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Even if you do everything right, you may still suffer a vocal problem at some point. Below, I offer information and advice for what you should and shouldn’t do if you run into trouble.
Some Warning Signs for Vocal Trouble:
What Not To Do
If you experience serious problems with your voice, don’t go out and use your voice for hours and hours with no breaks. I don’t care if you are a teacher, or you have a tour. You don’t run a marathon on a broken leg, so why would you try to sing or speak for hours on an injured voice? Taking some time off when you first face a vocal problem can avoid longer healing times and loss of work later on.
Also, avoid speaking or singing loudly. Yelling and screaming are absolute no-no’s. You don’t try to lift a car with broken arms, so… you get the idea.
Don’t over do it, but don’t necessarily stop using the voice altogether.
What TO Do: The first 3 days
1. Proceed with Caution.
2. Partial or Complete Vocal Rest.
3. Make an appointment to see a vocologist immediately (in the case of a sudden change), or after 3 days if symptoms don’t resolve on their own.
If you are experiencing some predictable vocal trouble (e.g. you got sick, and now your voice is a bit rough), or the trouble has come on somewhat gradually, it may be okay to continue to use your voice gently. PROCEED WITH CAUTION. While you are recovering, be smart and listen to the cues your body is giving you. Try to stop before you hear the sound get worse, or you feel your effort level increase. When your voice is tired, rest it.
Vocal rest can occur throughout the day. Take 5-30 minute rests whenever possible. Gentle warm-ups and cool down exercises can also help, if you already know how to do them freely, or you have someone teaching you how to do them with vocal ease. Again however, be mindful and only go as far as the voice will easily take you.
If voice trouble occurs abruptly, there may be a vocal hemorrhage. This is one of the few instances when complete vocal rest is mandatory in order to recover fully. If you suspect a vocal hemorrhage, consider your case a vocal emergency, and get in to see a vocologist immediately. In the meantime, write down what you want to say to people, and avoid talking, singing, coughing, grunting, and all other noises involving the vocal cords.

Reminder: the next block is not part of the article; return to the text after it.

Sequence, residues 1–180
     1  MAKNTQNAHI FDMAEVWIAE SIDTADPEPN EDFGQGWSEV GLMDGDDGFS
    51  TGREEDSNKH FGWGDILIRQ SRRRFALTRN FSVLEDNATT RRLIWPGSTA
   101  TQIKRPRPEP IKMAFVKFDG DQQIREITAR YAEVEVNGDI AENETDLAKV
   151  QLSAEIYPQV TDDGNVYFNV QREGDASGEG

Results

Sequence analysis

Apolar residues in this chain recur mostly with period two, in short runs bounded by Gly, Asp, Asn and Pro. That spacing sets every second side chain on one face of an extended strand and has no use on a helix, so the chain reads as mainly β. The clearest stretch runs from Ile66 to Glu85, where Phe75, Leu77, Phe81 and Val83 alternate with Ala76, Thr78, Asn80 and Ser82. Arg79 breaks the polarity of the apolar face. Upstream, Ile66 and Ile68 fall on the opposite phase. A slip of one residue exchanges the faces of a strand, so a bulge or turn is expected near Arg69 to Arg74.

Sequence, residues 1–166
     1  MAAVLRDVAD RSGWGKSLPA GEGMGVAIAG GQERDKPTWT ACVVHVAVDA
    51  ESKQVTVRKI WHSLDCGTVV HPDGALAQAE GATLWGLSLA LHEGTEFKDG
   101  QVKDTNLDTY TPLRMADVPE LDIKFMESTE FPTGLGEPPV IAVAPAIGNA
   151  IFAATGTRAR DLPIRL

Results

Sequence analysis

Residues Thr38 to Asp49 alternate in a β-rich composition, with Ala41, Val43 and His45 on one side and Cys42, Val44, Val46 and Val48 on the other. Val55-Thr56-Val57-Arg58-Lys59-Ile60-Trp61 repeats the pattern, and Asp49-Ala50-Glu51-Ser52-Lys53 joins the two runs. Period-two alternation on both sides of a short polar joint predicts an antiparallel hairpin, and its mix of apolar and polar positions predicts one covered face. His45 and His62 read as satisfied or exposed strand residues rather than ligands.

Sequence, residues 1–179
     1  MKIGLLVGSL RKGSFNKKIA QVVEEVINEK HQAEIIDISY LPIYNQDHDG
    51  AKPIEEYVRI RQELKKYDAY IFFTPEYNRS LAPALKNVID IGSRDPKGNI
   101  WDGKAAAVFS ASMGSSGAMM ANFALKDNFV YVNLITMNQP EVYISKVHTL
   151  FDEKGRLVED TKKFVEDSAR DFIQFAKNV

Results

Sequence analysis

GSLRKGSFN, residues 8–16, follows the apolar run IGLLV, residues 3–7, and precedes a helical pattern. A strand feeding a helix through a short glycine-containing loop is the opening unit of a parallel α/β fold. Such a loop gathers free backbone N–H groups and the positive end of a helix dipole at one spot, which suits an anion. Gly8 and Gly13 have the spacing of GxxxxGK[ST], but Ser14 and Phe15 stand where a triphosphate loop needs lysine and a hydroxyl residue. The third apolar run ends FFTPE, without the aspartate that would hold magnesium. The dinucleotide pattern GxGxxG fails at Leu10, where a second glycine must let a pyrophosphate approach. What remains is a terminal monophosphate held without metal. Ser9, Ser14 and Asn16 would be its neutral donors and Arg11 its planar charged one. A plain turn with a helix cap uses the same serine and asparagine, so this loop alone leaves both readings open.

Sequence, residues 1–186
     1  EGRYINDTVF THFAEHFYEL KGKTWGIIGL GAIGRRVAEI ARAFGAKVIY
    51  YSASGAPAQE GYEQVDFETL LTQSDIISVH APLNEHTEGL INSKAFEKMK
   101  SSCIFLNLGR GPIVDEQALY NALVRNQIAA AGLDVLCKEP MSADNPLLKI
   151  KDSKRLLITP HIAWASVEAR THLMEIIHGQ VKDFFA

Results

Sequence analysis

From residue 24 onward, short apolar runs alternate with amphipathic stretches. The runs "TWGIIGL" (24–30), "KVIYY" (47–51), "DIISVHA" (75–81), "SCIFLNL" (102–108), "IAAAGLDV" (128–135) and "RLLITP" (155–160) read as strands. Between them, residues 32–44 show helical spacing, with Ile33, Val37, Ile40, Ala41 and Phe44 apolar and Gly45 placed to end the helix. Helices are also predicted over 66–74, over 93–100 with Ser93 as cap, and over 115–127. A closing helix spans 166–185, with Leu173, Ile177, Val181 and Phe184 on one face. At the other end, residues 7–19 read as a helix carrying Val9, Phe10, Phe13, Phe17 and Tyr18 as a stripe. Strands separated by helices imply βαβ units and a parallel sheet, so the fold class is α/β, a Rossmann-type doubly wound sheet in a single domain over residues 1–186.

In most other cases, the voice will get steadily better on its own after a few days. However, if the problem persists beyond 3 days, find a vocologist and set-up and appointment to prevent any further issues. If the problem persists for over a month, you may consider your case to be a chronic condition, and an appointment is overdue.
Vocal Emergencies and Chronic Conditions
Vocal emergencies include any abrupt hoarseness or voice loss (see above), total voice loss lasting past 3 days, or any vocal trouble that is significantly impacting your life or career. In these cases, and for any chronic conditions, get expert help from a vocologist. Not only can a good vocologist help you with solutions, there may also be an underlying physical or neurological condition that the voice is responding to. Click here (link coming) to read my guide to finding expert voice care.
You can avoid vocal trouble in a lot of ways, but there are also some conditions and circumstances you cannot predict. Read my Top 3 Tips for Vocal Maintenance to troubleshoot as best you can. Better yet, take some lessons to set you up with the skills and knowledge you need to avoid long term trouble and to maximize the voice you have.
© 2018 Joanna Chapman-Smith
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